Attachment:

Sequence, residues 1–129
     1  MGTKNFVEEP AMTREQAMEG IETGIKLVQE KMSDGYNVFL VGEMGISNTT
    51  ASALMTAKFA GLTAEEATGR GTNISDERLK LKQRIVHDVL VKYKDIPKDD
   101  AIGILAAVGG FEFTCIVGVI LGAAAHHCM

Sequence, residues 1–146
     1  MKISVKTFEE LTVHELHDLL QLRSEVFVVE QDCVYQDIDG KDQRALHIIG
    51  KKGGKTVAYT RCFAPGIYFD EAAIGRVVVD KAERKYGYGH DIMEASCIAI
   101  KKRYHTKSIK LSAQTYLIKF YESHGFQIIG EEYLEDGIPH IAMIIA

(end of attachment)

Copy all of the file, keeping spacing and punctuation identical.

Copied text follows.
Sequence, residues 1–129
     1  MGTKNFVEEP AMTREQAMEG IETGIKLVQE KMSDGYNVFL VGEMGISNTT
    51  ASALMTAKFA GLTAEEATGR GTNISDERLK LKQRIVHDVL VKYKDIPKDD
   101  AIGILAAVGG FEFTCIVGVI LGAAAHHCM

Sequence, residues 1–146
     1  MKISVKTFEE LTVHELHDLL QLRSEVFVVE QDCVYQDIDG KDQRALHIIG
    51  KKGGKTVAYT RCFAPGIYFD EAAIGRVVVD KAERKYGYGH DIMEASCIAI
   101  KKRYHTKSIK LSAQTYLIKF YESHGFQIIG EEYLEDGIPH IAMIIA